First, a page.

Since October 1, 2001, the monthly benefit has been $27 for each year of credited service after December 1, 1968, plus $10 per year of credited service before December 1, 1968. Total service is limited to 25 years. (In 1999, the rate was $25 and in 2000, it was $26.) In addition, the plan has increased the pensions of retirees by 4.87% in 1998 and by 1.00% in 2000.

Summary of Actuarial Valuation Results, 2000-2003

ItemValuation Date (October 1)
2003200220012000
Active participants10,29710,0617,9957,182
Retirees4,1574,0884,1464,070
Monthly benefit accrual rate27272726
Max. monthly benefit675675675650
Contributions10,7397,8046,5795,340
Benefits (000)14,42413,78613,25812,839
Accrued liability (000)229,508217,770210,172196,940
Market value of assets (000)195,336174,021189,389219,731
Net min. funding charge w/o credit bal. (000)14,03912,8229,3386,974
Normal cost (000)8,8888,6746,7195,585
Unfunded accrued liability* (000)34,17243,74920,783(22,791)
Present value of vested benefits (000)206,284198,020192,041183,588
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Unfunded liability, vested benefits* (000)10,94823,9992,652(36,143)
Valuation interest rate (%)7.57.57.57.5
* Using market value of assets

Decision on the Proposed Amendment

The statute and the implementing regulation state that PBGC must make two factual determinations before it approves a request for an amendment that adopts a special withdrawal liability rule. ERISA section 4203(f); 29 CFR 4203.4(a). First, on the basis of a showing by the plan, PBGC must determine that the amendment will apply to an industry that has characteristics that would make use of the special rules appropriate. Second, PBGC must determine that the plan amendment will not pose a significant risk to the insurance system. PBGC's discussion on each of those issues follows. After review of the record submitted by the Plan, and having received no public comments, PBGC has entered the following determinations.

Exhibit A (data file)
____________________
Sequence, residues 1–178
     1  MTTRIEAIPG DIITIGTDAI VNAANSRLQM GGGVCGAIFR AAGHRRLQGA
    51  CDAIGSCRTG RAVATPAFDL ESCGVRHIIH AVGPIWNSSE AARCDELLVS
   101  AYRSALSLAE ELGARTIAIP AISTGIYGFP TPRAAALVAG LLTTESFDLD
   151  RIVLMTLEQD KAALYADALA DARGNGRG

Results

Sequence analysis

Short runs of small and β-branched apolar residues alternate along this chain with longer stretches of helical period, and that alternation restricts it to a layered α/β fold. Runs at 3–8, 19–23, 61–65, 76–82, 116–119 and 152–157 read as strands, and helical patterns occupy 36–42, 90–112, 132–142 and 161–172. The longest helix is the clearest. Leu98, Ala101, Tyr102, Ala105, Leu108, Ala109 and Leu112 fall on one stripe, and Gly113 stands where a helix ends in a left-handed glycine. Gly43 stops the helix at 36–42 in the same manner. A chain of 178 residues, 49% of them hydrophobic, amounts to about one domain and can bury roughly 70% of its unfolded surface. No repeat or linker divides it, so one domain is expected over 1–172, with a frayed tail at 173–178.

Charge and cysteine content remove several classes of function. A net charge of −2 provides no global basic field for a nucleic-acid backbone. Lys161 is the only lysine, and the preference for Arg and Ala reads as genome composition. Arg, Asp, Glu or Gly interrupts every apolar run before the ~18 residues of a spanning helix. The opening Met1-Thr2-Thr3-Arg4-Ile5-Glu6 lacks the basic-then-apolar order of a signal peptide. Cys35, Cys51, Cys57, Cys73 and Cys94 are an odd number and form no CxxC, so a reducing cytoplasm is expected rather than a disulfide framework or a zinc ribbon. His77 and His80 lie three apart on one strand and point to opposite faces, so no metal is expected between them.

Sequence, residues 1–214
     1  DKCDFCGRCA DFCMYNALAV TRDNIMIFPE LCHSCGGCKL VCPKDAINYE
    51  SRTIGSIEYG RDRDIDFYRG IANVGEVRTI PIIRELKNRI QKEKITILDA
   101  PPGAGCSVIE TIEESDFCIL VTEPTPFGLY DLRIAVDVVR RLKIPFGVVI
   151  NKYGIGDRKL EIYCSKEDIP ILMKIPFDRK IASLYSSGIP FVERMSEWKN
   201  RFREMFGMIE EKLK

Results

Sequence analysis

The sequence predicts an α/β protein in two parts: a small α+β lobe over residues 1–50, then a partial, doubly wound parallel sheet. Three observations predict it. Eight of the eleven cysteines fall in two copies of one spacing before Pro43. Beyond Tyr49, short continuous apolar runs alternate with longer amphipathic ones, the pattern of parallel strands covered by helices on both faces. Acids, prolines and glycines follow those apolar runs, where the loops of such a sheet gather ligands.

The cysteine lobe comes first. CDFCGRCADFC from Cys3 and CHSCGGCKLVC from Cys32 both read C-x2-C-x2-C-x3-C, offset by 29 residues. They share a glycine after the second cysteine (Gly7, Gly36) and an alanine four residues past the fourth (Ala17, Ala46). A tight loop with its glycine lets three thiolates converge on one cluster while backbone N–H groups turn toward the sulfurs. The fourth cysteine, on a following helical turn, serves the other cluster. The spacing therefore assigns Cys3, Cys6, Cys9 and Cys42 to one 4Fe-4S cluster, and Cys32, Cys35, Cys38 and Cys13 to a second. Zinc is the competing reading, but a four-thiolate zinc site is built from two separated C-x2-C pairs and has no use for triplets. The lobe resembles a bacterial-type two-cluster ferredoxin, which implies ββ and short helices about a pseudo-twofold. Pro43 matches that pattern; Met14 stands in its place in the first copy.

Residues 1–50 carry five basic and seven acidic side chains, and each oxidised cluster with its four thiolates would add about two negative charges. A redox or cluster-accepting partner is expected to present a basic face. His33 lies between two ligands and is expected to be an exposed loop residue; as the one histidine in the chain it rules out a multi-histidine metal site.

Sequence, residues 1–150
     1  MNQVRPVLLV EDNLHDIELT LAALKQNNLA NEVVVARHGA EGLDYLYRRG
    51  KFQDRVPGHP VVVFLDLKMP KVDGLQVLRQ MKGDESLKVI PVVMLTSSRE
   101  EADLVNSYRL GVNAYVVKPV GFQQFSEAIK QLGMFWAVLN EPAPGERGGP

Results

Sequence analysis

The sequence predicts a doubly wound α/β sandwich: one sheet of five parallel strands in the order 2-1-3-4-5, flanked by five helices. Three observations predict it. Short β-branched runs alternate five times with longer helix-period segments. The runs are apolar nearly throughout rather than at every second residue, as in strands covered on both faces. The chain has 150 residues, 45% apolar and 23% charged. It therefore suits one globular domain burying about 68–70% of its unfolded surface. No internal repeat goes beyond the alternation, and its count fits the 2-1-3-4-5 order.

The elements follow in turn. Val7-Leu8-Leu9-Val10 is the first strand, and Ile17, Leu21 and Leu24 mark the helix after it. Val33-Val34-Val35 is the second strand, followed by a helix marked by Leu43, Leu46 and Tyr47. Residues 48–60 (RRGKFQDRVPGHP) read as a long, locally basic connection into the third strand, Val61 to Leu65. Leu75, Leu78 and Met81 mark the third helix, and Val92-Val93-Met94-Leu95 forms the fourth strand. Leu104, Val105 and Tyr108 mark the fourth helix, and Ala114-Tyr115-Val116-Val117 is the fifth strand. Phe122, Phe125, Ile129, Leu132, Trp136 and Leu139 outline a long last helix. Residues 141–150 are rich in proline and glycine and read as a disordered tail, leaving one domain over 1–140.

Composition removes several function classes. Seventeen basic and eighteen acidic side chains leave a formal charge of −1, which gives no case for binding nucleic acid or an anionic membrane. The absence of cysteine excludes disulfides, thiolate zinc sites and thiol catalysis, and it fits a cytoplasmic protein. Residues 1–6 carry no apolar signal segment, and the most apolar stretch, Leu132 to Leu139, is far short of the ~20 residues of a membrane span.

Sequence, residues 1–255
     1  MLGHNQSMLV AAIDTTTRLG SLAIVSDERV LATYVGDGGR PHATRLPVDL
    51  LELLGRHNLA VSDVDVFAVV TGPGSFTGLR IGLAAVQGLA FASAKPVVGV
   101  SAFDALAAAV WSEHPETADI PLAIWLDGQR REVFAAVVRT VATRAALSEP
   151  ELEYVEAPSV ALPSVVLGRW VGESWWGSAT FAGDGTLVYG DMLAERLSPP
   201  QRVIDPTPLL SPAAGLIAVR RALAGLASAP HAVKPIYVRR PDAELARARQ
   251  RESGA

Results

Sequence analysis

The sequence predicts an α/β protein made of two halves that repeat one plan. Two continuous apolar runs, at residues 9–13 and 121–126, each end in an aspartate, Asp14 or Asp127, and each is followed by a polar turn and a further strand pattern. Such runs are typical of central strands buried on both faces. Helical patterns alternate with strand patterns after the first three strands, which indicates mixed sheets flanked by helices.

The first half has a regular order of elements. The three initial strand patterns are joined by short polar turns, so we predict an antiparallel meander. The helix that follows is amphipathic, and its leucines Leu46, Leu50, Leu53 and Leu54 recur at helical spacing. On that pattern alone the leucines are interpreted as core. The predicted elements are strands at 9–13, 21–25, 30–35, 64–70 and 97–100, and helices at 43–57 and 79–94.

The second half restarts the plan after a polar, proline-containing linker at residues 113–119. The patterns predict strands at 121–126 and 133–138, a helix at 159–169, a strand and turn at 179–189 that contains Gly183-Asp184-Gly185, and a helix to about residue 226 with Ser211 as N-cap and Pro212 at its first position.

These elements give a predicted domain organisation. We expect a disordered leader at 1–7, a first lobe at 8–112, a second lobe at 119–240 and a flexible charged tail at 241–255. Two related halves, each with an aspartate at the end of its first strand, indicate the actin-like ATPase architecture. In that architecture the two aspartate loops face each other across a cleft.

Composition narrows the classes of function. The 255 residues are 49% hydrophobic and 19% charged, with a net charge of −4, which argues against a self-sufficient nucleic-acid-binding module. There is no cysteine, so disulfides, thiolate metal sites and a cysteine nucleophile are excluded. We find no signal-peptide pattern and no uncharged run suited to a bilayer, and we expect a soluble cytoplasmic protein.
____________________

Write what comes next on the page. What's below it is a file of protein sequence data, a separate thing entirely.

1. What Is the Nature of the Industry?

In determining whether an industry has the characteristics that would make an amendment to special rules appropriate, an important line of inquiry is the extent to which the Plan's contribution base resembles that found in the construction industry. This threshold question requires consideration of the effect of employer withdrawals on the Plan's contribution base.

Work covered by this plan must be performed at the office building located in Chicago. Thus, the work is local in nature; it generally will continue to be covered by the Plan. An employer ceases contributing when work is outsourced, the contractor loses a cleaning or security contract with a building owner, bankruptcy, closeout of a business as a result of retirement, or business relocation. Over the past ten years, cessation of contributions by any individual employer has not had an adverse impact on the Plan's contribution base. Most employers that have ceased to contribute have been replaced by another employer who begins contributing for the same work.